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CHOLESTEROL RELATIONSHIP TO HEART DISEASE HAS BEEN CONFIRMED

Executive Summary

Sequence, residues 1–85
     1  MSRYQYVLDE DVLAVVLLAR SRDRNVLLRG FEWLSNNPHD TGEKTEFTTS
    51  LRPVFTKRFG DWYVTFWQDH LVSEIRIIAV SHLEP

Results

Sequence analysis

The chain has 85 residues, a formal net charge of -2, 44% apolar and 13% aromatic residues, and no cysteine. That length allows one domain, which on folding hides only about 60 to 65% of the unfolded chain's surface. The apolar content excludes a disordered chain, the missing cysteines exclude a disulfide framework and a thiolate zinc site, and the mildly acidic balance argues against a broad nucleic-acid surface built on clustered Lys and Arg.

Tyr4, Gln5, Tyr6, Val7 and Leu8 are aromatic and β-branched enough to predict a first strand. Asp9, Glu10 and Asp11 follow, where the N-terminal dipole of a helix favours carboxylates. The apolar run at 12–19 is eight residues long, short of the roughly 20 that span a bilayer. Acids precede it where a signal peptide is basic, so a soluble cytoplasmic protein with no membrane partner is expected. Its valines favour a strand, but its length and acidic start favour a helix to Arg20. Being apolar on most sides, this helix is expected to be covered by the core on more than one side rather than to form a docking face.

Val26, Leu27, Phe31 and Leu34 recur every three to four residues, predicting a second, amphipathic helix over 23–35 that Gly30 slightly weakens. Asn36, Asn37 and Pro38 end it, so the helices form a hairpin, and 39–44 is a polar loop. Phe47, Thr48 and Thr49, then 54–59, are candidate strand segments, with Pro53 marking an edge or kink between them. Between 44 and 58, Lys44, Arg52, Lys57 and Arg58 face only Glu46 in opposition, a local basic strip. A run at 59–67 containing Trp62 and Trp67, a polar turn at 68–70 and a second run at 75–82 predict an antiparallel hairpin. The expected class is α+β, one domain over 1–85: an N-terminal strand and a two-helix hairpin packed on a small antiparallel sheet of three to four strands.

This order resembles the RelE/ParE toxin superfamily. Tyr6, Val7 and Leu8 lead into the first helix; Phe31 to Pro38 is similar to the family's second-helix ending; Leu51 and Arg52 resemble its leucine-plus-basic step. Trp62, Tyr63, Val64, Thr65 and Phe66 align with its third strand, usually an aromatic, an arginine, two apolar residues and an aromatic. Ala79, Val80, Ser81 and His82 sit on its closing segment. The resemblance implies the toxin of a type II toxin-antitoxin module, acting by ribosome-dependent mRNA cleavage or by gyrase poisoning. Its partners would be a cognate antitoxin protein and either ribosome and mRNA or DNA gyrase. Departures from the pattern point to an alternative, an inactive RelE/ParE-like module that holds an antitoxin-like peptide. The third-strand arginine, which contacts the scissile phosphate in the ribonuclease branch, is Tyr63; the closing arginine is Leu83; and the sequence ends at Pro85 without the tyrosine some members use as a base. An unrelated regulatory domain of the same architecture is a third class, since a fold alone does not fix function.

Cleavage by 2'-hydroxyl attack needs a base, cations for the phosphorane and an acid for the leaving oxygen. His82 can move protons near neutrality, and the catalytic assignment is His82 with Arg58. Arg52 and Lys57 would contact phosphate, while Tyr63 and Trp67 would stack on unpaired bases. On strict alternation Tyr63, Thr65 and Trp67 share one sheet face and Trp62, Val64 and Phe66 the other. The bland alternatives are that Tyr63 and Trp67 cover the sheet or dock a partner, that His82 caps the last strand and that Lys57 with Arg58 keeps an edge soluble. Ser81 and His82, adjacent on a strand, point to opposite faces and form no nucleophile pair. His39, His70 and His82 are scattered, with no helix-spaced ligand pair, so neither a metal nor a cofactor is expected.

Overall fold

CHOLESTEROL RELATIONSHIP TO HEART DISEASE HAS BEEN CONFIRMED by numerous studies, the American Heart Association and the National Heart, Lung and Blood Institute assert in a joint statement refuting recent arguments against a cholesterol/heart disease link. AHA and NHLBI cited a number of studies, including the Framingham Heart Study, the Multiple Risk Factor Intervention Trial (MRFIT), the Coronary Primary Prevention Trial and the Helsinki Heart Study, as demonstrating a "powerful link between cholesterol and coronary heart disease." The 18-page statement was released at the American Heart Association's annual scientific meeting, held Nov. 13-16 in New Orleans. The report, commissioned by AHA's Task Force on Cholesterol Issues, answers the criticisms of popular magazine writers and "a small group of physicians" that "the relation between cholesterol and heart disease is not well-defined, that cholesterol lowering does not extend life, that low-saturated fat, low-cholesterol diets do little to reduce the risk of heart disease, and that cholesterol lowering is a waste of time and money." AHA and NHLBI point out that results from the Coronary Primary Prevention Trial and the Framingham Study "indicate that a 1% reduction in an individual's total cholesterol level translates into an approximate 2% reduction in coronary heart disease risk." They add that a recent analysis of the literature indicates that the relationship between the two may actually be stronger than the 1:2 ratio. Responding to the criticism that there is no evidence lowering cholesterol will reduce overall death rates, AHA and NHLBI note that three recent studies -- the Coronary Drug Project, the Oslo Study Diet and Antismoking Trial, and the Stockholm Ischemic Heart Disease Study -- have shown that lowering cholesterol reduces total mortality. In NHLBI's Coronary Drug Project, 1,119 men who received nicotinic acid for six years "experienced 29% fewer heart attacks than the 2,789 men in the placebo group" and nine years later had 11% fewer deaths than the placebo group. The Oslo trial of 1,200 men, conducted over five years, found that the intervention group had 33% fewer deaths five years after the close of the trial and 40% fewer deaths eight to nine years after the end of the trial. AHA and NHLBI add, however, that "the successes of these three studies may mask an important point: A reduction in total mortality might not be the best index of the value of cholesterol lowering. By preventing the occurrence of nonfatal heart attacks, the incidence and prevalence of chronic coronary heart disease is reduced." Arguing that cholesterol interventions are cost-effective, AHA and NHLBI note that approximately 1.5 million Americans suffer a heart attack each year and approximately 300,000 coronary bypass surgeries are done annually. The AHA estimates the direct medical care costs for coronary heart disease at $ 34.9 bil. in 1989 and the total economic cost at $ 100 bil. annually. "A 10% reduction in serum cholesterol levels in the population, which should be possible by dietary modification alone, ought to result in a decrease in coronary heart disease rates of about 20%," AHA and NHLBI state. "This translates into an annual saving of $ 20 bil."

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